This account provides a beautiful and coherent solution to the problem.  If an individual behaves unjustly, he feeds the worst part of himself and that means that he cannot have the kind of soul that makes for the best possible life.  The same is true of political communities.  Thucydides supplements this account.  Cities that behave unjustly toward other cities encouraged injustice among their own citizens, thus undermining the cooperation upon which their strength depends.  What is most beautiful is the human being who lives the most admirable life and the city that governs itself and its foreign policy in a way that makes for the most admirable civil life.  If justice contributes to that, then justice is indeed beautiful. 
Socrates takes the moral emotions of his interlocutors for granted.  He does not try to explain how we became such creatures for whom a beautifully ordered soul and a beautifully ordered regime might be possible.  He does suggest that the most natural political community is one that provides for the minimal physical needs of human animals with the least effort.  For justice to be genuinely beautiful, it has to provide for a life that includes more than that: noble deeds and, last but not least, the leisure for some to pursue philosophy. 
Evolutionary theory explains how we became the kind of animal that Socrates examines.  Our moral emotions were shaped by eons of natural selection.  They made it possible for us to cooperate on a level far beyond that of other animals.  At some point, they made it possible for us to satisfy our basic biological needs and then seek satisfactions beyond those needs.  The rise of civilization made it possible for some people (and eventually most people) to stop worrying about the next meal and look instead for something interesting to do.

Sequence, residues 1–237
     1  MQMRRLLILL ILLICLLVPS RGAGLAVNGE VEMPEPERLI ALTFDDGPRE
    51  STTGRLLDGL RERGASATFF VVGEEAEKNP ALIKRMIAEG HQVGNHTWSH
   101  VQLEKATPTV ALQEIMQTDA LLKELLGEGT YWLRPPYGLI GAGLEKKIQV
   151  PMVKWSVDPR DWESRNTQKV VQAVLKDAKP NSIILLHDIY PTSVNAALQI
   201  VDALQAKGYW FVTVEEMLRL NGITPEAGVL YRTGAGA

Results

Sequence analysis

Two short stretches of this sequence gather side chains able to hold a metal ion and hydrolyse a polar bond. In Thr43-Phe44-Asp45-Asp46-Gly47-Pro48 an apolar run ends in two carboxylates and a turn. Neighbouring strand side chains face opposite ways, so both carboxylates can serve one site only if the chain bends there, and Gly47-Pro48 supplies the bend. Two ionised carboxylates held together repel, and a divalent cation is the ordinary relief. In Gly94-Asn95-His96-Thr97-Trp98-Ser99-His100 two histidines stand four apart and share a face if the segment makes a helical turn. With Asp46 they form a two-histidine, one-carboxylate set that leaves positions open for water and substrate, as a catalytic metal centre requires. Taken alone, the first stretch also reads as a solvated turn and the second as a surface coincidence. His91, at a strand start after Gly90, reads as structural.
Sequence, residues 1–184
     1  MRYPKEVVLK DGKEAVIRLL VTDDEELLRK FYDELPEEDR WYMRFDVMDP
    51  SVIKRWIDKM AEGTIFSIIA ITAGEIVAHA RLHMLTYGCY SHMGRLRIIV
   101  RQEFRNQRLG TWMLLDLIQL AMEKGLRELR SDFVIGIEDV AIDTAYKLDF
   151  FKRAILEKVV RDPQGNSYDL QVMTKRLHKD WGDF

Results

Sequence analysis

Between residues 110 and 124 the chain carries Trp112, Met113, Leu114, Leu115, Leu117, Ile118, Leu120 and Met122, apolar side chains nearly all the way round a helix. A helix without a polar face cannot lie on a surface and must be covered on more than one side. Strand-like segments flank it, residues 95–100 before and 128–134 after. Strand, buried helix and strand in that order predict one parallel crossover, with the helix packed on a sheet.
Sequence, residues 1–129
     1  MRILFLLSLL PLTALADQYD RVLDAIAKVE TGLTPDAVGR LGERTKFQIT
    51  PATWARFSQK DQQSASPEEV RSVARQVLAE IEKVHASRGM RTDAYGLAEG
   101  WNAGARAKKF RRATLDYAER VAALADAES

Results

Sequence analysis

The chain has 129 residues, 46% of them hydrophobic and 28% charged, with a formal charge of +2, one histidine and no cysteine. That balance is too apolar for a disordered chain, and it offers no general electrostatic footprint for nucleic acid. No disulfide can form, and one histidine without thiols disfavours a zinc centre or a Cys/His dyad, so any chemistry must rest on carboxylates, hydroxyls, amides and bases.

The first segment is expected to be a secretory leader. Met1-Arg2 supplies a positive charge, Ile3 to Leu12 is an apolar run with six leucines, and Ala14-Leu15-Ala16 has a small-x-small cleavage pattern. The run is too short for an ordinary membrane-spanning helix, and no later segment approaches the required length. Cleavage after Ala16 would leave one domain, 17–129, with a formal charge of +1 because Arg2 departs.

The best human lives are ones that are not merely physically and emotionally satisfying.  They are interesting.  What interests us is rooted in our evolutionary heritage but necessarily goes beyond that heritage.  We inherit preferences for color, symmetrical lines and objects, and landscapes including mountains and water.  That doesn’t mean we have genes for liking a J. M. W. Turner painting.  An appreciation for great art depends on evolved dispositions; however, it explores new existential space that cannot be reduced to those dispositions.  We inherit preferences for fat, sugar, texture, and color in foods.  That doesn’t mean that we have genes for liking a four star Michelin meal.  We inherit preferences for certain kinds of sounds and harmonies.  A William Parker jazz composition builds on those evolved dispositions to produce something that will not advance the interests of my genes but is simply beautiful. 
A house is an artificial product.  Houses do not grow as trees do.  It is nonetheless natural in so far as it satisfies natural inclinations for a safe, warm, and dry shelter.  Political communities are artificial.  As Aristotle recognized, we have to build them more or less deliberately.  They come to be, he said, for the sake of mere life.  That is Darwinian thinking.  Political communities emerged in a long history of human beings trying to survive in as comfortable a way as possible.  They exist, Aristotle said, for the sake of the good life.  Once a political community has achieved self-sufficiency, its citizens can turn to explore the benefits of existential freedom.